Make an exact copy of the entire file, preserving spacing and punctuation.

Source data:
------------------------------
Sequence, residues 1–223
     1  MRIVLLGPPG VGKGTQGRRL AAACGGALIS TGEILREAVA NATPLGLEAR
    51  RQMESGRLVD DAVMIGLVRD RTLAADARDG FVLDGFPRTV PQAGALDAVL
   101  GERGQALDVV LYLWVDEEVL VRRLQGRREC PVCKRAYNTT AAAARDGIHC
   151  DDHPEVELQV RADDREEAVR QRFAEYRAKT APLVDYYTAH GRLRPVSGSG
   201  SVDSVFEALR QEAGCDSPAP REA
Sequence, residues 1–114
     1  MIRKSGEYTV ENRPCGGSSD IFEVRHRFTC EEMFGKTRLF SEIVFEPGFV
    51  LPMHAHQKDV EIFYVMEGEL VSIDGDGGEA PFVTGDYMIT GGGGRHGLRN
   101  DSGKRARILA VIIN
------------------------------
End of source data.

Sequence, residues 1–223
     1  MRIVLLGPPG VGKGTQGRRL AAACGGALIS TGEILREAVA NATPLGLEAR
    51  RQMESGRLVD DAVMIGLVRD RTLAADARDG FVLDGFPRTV PQAGALDAVL
   101  GERGQALDVV LYLWVDEEVL VRRLQGRREC PVCKRAYNTT AAAARDGIHC
   151  DDHPEVELQV RADDREEAVR QRFAEYRAKT APLVDYYTAH GRLRPVSGSG
   201  SVDSVFEALR QEAGCDSPAP REA
Sequence, residues 1–114
     1  MIRKSGEYTV ENRPCGGSSD IFEVRHRFTC EEMFGKTRLF SEIVFEPGFV
    51  LPMHAHQKDV EIFYVMEGEL VSIDGDGGEA PFVTGDYMIT GGGGRHGLRN
   101  DSGKRARILA VIIN